Regarding stackexchange post how to get shell scripts to run at startup on Yosemite

The offering here is interesting but all I want to do is set the ip address of one of the ethernet interfaces, en0 with ifconfig. I don't want to launch a deamon.

the command to run is just:

ifconfig en0  inet netmask 

Of course the interface drivers have to be launched and the interfaces available for configuration. This has to be run by root, other wise it has to be prefaced with sudo, which has to have the credentials provided.

I have the root account activated on this system and am comfortable with and know most of the hazards.

But I don't want to do this manually every time the machine is booted or restarted.

Perhaps someone from Apple has a reference to a patch or info on why the network preference operations for manual configuration of interfaces will not set them on mine.

I have been buying and using Macs since the late 1990's. This is one of only two out of nearly a dozen Macs I have owned that is not newly purchased from a reputable dealer.

Apache server will also not launch with the web sharing option.

Perhaps the machine with the installation is too old? It is

 Model Name:    MacBook Pro
 Model Identifier:  MacBookPro5,1
 Processor Name:    Intel Core 2 Duo
 Processor Speed:   2.4 GHz
 Number of Processors:  1
 Total Number of Cores: 2
 L2 Cache:  3 MB
 Memory:    4 GB
 Bus Speed: 1.07 GHz
 Boot ROM Version:  MBP51.007E.B06
 SMC Version (system):  1.33f8
 <sn deleted for this post>
  Hardware UUID:    63410FEB-9CFF-5C8C-A692-8733BBEE36C5
 Sudden Motion Sensor:
 State: Enabled

This does not tell me its actuall manufacture date.

Thank you for time and attention


  • Is the script you put in /System/Library/StartupItems/ executable and owned by root?
    – tron_jones
    Commented Nov 15, 2014 at 1:53
  • MBP 5,1 is a Late 2008 model.
    – tubedogg
    Commented Nov 15, 2014 at 4:13
  • That said the age of the machine is irrelevant to what you are trying to do. It's the OS that would determine if something will work or not, and running shell scripts at login should not be an issue in Yosemite.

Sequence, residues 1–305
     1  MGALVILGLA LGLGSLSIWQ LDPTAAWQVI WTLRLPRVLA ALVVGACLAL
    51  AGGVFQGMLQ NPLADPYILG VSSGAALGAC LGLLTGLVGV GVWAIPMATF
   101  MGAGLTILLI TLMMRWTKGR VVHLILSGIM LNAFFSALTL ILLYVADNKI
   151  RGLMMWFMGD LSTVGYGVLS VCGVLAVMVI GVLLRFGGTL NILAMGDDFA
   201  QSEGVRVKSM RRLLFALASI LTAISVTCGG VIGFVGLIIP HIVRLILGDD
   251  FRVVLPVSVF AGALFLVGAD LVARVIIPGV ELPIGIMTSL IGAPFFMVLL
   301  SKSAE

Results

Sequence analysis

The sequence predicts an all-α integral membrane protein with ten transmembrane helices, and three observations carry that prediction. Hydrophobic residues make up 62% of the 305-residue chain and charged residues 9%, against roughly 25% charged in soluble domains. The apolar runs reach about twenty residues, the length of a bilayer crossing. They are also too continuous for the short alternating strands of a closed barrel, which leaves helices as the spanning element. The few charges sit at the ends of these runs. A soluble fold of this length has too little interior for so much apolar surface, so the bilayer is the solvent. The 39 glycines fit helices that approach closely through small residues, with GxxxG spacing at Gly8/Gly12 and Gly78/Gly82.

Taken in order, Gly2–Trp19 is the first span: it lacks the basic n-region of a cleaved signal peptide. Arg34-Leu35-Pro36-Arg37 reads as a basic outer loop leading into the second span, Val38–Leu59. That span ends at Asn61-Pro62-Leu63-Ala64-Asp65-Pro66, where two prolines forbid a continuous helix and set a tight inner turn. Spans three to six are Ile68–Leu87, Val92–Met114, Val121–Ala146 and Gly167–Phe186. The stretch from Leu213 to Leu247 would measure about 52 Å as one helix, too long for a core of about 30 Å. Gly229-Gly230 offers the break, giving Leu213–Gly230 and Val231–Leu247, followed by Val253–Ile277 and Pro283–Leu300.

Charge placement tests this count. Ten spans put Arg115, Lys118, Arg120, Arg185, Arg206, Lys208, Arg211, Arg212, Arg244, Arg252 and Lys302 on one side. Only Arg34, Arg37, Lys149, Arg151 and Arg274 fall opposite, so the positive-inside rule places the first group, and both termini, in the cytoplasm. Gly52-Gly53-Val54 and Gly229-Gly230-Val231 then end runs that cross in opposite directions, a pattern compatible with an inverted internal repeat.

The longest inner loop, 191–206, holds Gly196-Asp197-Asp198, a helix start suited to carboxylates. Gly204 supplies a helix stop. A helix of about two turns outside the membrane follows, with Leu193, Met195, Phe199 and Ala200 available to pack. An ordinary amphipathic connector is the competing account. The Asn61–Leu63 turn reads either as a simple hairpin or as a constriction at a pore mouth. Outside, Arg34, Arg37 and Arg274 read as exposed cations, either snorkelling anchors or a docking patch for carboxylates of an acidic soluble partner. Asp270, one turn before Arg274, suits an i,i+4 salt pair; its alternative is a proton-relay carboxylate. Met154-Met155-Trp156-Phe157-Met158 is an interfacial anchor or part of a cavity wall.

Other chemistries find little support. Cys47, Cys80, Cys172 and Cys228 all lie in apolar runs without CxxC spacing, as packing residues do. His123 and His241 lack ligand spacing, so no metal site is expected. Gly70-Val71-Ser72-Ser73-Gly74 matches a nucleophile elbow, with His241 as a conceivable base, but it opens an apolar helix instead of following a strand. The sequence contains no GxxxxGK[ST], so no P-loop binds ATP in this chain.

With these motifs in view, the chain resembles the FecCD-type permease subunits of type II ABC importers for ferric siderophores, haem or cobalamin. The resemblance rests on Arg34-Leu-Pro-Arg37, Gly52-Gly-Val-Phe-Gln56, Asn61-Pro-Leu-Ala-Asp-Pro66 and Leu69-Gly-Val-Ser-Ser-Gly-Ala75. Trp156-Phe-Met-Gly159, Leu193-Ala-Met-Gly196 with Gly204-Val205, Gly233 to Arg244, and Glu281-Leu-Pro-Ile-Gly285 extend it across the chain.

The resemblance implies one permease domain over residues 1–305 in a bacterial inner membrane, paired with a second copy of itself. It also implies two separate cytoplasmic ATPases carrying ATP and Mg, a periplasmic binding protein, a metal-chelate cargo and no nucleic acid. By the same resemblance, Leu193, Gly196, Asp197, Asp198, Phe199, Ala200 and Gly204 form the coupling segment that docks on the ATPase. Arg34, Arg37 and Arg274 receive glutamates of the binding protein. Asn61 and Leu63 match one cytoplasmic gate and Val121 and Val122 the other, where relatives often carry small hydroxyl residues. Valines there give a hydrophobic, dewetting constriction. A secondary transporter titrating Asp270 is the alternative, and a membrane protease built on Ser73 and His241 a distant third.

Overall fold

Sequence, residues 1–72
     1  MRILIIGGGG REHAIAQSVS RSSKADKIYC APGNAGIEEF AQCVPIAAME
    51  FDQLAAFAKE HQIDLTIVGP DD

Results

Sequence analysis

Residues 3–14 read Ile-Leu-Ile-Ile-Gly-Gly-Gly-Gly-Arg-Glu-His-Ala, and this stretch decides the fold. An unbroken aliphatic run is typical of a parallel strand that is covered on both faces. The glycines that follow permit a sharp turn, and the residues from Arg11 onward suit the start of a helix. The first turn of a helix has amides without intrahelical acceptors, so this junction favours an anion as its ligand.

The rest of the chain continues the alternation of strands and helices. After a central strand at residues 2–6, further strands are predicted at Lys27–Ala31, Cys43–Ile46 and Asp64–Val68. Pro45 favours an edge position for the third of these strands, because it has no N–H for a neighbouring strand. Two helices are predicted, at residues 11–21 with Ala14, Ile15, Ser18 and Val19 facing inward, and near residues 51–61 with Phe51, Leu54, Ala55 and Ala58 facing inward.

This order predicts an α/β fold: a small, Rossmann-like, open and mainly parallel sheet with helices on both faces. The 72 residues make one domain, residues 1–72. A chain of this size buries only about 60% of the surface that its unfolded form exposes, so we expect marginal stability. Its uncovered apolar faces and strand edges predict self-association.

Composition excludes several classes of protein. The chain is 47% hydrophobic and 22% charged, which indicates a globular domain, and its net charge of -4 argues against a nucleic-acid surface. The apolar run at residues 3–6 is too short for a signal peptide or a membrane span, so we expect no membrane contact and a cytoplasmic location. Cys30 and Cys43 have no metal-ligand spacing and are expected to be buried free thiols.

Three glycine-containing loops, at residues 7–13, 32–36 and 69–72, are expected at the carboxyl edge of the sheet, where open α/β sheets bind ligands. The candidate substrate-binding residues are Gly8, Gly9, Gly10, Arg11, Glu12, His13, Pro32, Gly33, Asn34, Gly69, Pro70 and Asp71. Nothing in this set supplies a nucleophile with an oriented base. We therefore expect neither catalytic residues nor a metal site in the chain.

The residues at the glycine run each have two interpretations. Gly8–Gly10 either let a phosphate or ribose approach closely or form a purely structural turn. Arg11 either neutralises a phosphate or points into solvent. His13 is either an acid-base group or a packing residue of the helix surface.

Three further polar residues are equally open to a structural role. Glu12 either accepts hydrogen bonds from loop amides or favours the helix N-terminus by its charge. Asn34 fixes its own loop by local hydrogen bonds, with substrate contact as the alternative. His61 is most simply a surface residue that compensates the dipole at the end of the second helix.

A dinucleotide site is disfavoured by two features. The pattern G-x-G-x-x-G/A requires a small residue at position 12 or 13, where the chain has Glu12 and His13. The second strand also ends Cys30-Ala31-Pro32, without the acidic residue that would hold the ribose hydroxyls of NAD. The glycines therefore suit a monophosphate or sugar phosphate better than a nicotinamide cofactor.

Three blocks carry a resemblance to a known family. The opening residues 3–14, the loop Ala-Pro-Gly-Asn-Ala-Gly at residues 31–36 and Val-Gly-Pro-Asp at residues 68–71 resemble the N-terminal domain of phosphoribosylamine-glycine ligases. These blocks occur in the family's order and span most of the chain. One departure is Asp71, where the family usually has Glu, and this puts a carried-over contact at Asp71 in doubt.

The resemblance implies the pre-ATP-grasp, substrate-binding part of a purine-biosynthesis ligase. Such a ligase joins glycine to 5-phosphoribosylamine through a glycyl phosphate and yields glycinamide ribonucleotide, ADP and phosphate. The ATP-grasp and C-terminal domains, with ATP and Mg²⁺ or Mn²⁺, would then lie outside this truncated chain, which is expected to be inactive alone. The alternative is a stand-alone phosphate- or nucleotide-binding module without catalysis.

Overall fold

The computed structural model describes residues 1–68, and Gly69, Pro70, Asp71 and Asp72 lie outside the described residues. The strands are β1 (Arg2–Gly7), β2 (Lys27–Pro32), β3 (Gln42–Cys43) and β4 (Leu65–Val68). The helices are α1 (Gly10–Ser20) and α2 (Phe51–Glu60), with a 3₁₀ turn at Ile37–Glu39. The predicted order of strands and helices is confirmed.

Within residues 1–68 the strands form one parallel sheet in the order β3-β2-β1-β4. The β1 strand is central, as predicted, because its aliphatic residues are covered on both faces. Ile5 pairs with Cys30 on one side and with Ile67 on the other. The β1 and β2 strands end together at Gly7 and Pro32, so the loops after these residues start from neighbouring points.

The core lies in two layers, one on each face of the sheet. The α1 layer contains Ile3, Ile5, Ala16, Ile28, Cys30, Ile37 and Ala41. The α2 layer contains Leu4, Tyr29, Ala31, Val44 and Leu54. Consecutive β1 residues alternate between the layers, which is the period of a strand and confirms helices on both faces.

– tubedogg
    Commented Nov 15, 2014 at 4:15
  • @tron_jones: Yes the script is executable and owned by root because it configures a network interface. I set the executable bit on it, I believe that's what you do,
    – JeffK
    Commented Nov 16, 2014 at 1:48
  • Why not just set it in the Network pane of System Preferences, like normal? Commented Nov 16, 2014 at 3:24

1 Answer 1


You could save your script whatever you want and call it from a .plist file saved on /Library/LaunchAgents/ to be launched at startup.

Let me explain how to do it with an example.

  • Create you script and save it on /Users/username/setip.sh.
  • Create a new file called com.username.setip.plist in /Library/LaunchAgents/. This file must have the following format:
<?xml version="1.0" encoding="UTF-8"?>
<!DOCTYPE plist PUBLIC "-//Apple//DTD PLIST 1.0//EN" "http://www.apple.com/DTDs/PropertyList-1.0.dtd">
<plist version="1.0">







The file is pretty self-explanatory. It will launch the command /Users/username/setip.sh every 60 seconds, will be launched at load, will save errors on /tmp/com.username.setip.err and logs on /tmp/com.username.setip.out.

Restart, and the script will be executed.

  • If the script is to run as root at startup, this needs to be put in /Library/LaunchDaemons. LaunchAgents run when a user logs in, as that user. Commented Nov 16, 2014 at 3:23
  • So where does the "every 60 seconds" come from?
    – mkataja
    Commented Mar 18, 2015 at 11:17
  • Sorry, forget to include a couple of lines. The "every 60 secons" comes from the line with StartInterval and the following value is the time in seconds.
    – jherran
    Commented Mar 19, 2015 at 7:21
  • it doesnt work !
    – saruftw
    Commented May 7, 2015 at 20:27

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